Other dishes are even more inventive, such as the grilled, thick-cut pork chop that is coated with coconut brioche crumbs and garlic aioli, and served atop a shallot and orange waffle with black currant butter, sautéed romaine, and a black rum and coffee emulsion. Each element is curious, a conversation piece of sorts, that works successfully in tandem with the others. In his rendition of the surf-and-turf dinner, Lively employs the cuolotte steak once again, which is dusted with porcini and blueberry powder and served alongside mussels poached in garlic and Jack Daniels butter. He finishes the plate with Marcona almonds that he has marinated for 240 days in sweet chili sauce.

Lively’s presentations border on grandiose, and no more is this the case than with his desserts, which he considers to be his first love. Savory elements are used freely here as well, such as in his chocolate and rum mousse served with brûléed bananas, roasted golden beets, sweet corn dust, and salted chocolate brioche.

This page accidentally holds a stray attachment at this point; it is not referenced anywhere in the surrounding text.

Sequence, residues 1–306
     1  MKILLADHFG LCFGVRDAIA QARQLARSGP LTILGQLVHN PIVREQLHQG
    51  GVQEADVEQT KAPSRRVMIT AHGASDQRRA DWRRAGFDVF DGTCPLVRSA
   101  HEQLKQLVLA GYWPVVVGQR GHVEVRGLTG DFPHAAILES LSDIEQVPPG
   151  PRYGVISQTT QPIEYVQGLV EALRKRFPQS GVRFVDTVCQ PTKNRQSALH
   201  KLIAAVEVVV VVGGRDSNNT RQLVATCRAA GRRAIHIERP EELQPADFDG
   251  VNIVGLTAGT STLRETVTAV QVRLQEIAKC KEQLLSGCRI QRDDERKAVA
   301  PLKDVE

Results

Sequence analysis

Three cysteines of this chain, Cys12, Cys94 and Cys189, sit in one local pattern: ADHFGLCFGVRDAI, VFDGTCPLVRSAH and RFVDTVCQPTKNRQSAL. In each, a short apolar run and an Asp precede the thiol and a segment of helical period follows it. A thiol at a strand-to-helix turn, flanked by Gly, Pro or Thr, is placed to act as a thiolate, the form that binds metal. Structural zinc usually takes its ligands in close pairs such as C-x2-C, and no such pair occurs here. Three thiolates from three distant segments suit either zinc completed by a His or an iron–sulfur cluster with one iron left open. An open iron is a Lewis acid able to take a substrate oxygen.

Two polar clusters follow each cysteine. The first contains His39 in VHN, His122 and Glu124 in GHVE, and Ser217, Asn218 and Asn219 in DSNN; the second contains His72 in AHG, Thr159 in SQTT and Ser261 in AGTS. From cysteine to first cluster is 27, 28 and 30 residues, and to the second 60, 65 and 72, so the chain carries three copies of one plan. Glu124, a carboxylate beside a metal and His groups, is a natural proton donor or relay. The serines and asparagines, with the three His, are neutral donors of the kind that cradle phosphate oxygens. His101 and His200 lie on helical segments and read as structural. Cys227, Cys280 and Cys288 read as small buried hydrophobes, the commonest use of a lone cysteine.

Fitzgerald and Curry continue to maintain an ever-changing array of beers on draught. They pride themselves on offering the best of what Maine has to offer as well as pouring a staggering amount of Labatt’’s Blue, an homage to his Canadian heritage. Wine selections lean mostly towards French, a reasonable choice given the nature of the menu, and it’’s worth inquiring about potential off-list options hiding out in the cellar.

All in all the Portland Rochester has become an indispensable staple in East Bayside, offering a variety of different experiences to loyal patrons. The recent update with the menu only furthers the eclectic nature of a pub that should be on everyone’’s radar this summer.

No special labels necessary.


118 Preble Street | Portland | (207) 773-2000 | 118preble.com